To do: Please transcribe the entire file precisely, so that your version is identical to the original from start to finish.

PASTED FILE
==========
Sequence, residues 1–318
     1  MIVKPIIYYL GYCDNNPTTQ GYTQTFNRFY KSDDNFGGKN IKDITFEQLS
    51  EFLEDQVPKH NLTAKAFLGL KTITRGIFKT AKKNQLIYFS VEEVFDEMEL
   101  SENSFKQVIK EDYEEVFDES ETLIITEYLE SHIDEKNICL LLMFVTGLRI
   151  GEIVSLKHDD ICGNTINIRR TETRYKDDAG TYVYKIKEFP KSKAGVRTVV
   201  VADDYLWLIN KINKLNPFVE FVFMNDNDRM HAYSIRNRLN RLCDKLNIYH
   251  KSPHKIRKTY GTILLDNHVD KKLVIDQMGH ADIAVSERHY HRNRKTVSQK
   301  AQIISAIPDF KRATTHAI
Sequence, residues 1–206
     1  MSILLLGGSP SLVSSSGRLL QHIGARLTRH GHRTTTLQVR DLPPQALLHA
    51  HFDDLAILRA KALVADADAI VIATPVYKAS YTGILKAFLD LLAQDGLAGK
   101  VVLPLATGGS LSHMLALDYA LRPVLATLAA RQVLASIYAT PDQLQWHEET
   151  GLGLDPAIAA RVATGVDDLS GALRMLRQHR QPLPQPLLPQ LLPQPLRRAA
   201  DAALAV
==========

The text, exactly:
Sequence, residues 1–318
     1  MIVKPIIYYL GYCDNNPTTQ GYTQTFNRFY KSDDNFGGKN IKDITFEQLS
    51  EFLEDQVPKH NLTAKAFLGL KTITRGIFKT AKKNQLIYFS VEEVFDEMEL
   101  SENSFKQVIK EDYEEVFDES ETLIITEYLE SHIDEKNICL LLMFVTGLRI
   151  GEIVSLKHDD ICGNTINIRR TETRYKDDAG TYVYKIKEFP KSKAGVRTVV
   201  VADDYLWLIN KINKLNPFVE FVFMNDNDRM HAYSIRNRLN RLCDKLNIYH
   251  KSPHKIRKTY GTILLDNHVD KKLVIDQMGH ADIAVSERHY HRNRKTVSQK
   301  AQIISAIPDF KRATTHAI
Sequence, residues 1–206
     1  MSILLLGGSP SLVSSSGRLL QHIGARLTRH GHRTTTLQVR DLPPQALLHA
    51  HFDDLAILRA KALVADADAI VIATPVYKAS YTGILKAFLD LLAQDGLAGK
   101  VVLPLATGGS LSHMLALDYA LRPVLATLAA RQVLASIYAT PDQLQWHEET
   151  GLGLDPAIAA RVATGVDDLS GALRMLRQHR QPLPQPLLPQ LLPQPLRRAA
   201  DAALAV